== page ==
Excavations continued in part of another building in Area 4, at the eastern end of the low ground facing into the bay, where complex stratigraphy had been initially explored in 2015 and 2016. This comprised a complex pattern of walls, occupation levels and burnt deposits. In contrast to the Area 2 building, Area 4 is now seen to comprise probably three phases of activity, beginning with a rock-cut ditch, succeeded by a stone-founded building attested by a robber trench containing 250kg of freshly broken pottery, largely amphorae. This material is yet to be studied, but it may be that it represents destruction by the earthquake thought responsible for the collapse of the Area 2 building. However, in this area the site was cleared for rebuilding on different lines, the earlier foundations robbed for construction stone, and the shattered building contents used to pack the robber trench. The pattern of wall foundations now seen would therefore represent a late, post-earthquake phase. In this area, the entire sequence still appears to belong to the later Roman to early Byzantine periods.
Other finds from the buildings this year included more copper alloy objects, comprising nails thought to come from boats, a small square weight and a large (sailmaker’s?) needle.
Work in Area 7 on the hill crest c.650m north of the shoreline buildings, at a point offering panoramic views of the coast almost from Cape Gata to the east round to Kourion in the north west, saw extensions of the excavated area to locate and characterise the west and north limits of the masonry building complex initially investigated in 2015 and 2016. The site appears to be defined by substantial, but not defensive walls. The northern extension revealed an area on terracotta flooring, and part of what may be a half-octagonal apse. The nature, sequence and dating of the complex remain under investigation, but it is clearly late Antique.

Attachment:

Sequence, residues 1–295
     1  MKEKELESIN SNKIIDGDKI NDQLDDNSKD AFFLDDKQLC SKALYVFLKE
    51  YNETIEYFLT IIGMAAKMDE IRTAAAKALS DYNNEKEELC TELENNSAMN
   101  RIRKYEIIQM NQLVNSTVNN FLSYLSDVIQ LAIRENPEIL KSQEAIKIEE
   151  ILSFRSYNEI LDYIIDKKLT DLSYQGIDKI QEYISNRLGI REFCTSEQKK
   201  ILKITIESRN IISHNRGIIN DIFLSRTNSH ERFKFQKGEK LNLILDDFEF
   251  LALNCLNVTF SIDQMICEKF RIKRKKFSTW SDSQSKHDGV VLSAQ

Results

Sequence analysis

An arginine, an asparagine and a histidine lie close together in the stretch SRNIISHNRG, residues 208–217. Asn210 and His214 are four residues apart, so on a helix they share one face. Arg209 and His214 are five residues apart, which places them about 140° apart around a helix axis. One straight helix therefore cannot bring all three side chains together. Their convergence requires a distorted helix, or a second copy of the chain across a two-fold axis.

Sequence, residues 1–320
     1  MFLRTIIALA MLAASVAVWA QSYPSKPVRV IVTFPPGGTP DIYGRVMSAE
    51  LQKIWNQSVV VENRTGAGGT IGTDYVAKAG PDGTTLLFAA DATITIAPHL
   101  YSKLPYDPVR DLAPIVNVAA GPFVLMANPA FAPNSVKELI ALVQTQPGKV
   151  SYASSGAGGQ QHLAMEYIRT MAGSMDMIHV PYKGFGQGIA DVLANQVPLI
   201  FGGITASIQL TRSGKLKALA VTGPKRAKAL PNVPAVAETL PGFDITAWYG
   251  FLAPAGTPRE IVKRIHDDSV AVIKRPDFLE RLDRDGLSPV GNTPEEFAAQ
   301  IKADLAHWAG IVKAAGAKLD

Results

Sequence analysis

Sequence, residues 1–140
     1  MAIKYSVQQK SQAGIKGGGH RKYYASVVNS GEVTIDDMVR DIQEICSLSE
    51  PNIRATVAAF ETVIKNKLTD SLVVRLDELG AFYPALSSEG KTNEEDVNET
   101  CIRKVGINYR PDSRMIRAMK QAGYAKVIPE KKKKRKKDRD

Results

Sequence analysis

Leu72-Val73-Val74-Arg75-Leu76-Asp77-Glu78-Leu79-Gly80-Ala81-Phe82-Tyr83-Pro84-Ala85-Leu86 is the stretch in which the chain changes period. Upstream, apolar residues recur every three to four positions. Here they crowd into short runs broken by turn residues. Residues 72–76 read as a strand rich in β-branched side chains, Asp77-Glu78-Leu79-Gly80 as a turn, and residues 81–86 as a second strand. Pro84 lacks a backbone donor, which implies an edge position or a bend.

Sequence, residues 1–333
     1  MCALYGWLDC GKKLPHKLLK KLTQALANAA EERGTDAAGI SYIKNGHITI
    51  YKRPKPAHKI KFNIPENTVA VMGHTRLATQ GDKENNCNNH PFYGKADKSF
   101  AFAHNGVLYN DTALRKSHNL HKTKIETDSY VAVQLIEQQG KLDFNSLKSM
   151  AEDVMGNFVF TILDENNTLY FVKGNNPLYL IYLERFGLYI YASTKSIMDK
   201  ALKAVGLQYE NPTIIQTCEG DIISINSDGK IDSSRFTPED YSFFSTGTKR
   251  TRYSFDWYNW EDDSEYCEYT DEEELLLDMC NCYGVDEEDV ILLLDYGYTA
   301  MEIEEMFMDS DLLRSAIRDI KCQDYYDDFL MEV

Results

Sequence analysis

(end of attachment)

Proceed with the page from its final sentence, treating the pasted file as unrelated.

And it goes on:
During the season, colleagues from the University of Southampton continued work to assess the nature of the marine environment at Dreamers Bay and around the coasts of the former Akrotiri island, especially seeking indications of ancient sea level and potential former anchorage locations. The maritime orientated survey was conducted over a six-day period during the field season and focused on the shorelines that were more accessible for survey from the land. Indicators of former sea-levels were identified in the form of beachrock formation, coastal erosion, palaeo sea-level indicators, and rock cuttings. Extensive areas of ceramic scatters were located on the south-western extent of the former island probably associated with the Early Byzantine site of Katalimata ton Plakaton (Procopiou 2015), and on the eastern shores in the region of Arkosykia Bay. In addition, areas of quarrying and rock cut features were also identified in various locations around the shore. A number of possible harbour locations were identified and will be targeted for further investigation in subsequent seasons.
Overall the results of the season were highly satisfactory, and have laid the basis for the next stages of the field programme, onshore and especially underwater, in 2018.
Simon James, Vicki Score, Lucy Blue and Ferreol Salamon